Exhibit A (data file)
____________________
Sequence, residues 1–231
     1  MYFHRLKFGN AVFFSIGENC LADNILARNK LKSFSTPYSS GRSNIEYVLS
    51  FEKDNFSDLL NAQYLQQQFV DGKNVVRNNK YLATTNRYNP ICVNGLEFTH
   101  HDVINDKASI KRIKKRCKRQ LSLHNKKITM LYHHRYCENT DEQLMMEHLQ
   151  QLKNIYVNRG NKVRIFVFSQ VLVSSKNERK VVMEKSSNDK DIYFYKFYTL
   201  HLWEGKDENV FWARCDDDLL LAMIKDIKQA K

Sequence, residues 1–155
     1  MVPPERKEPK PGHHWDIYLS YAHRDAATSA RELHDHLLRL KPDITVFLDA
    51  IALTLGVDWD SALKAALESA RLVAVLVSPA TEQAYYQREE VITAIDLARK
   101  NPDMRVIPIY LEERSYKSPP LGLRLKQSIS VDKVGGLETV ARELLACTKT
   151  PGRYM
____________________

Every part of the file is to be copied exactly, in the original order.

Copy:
Sequence, residues 1–231
     1  MYFHRLKFGN AVFFSIGENC LADNILARNK LKSFSTPYSS GRSNIEYVLS
    51  FEKDNFSDLL NAQYLQQQFV DGKNVVRNNK YLATTNRYNP ICVNGLEFTH
   101  HDVINDKASI KRIKKRCKRQ LSLHNKKITM LYHHRYCENT DEQLMMEHLQ
   151  QLKNIYVNRG NKVRIFVFSQ VLVSSKNERK VVMEKSSNDK DIYFYKFYTL
   201  HLWEGKDENV FWARCDDDLL LAMIKDIKQA K

Sequence, residues 1–155
     1  MVPPERKEPK PGHHWDIYLS YAHRDAATSA RELHDHLLRL KPDITVFLDA
    51  IALTLGVDWD SALKAALESA RLVAVLVSPA TEQAYYQREE VITAIDLARK
   101  NPDMRVIPIY LEERSYKSPP LGLRLKQSIS VDKVGGLETV ARELLACTKT
   151  PGRYM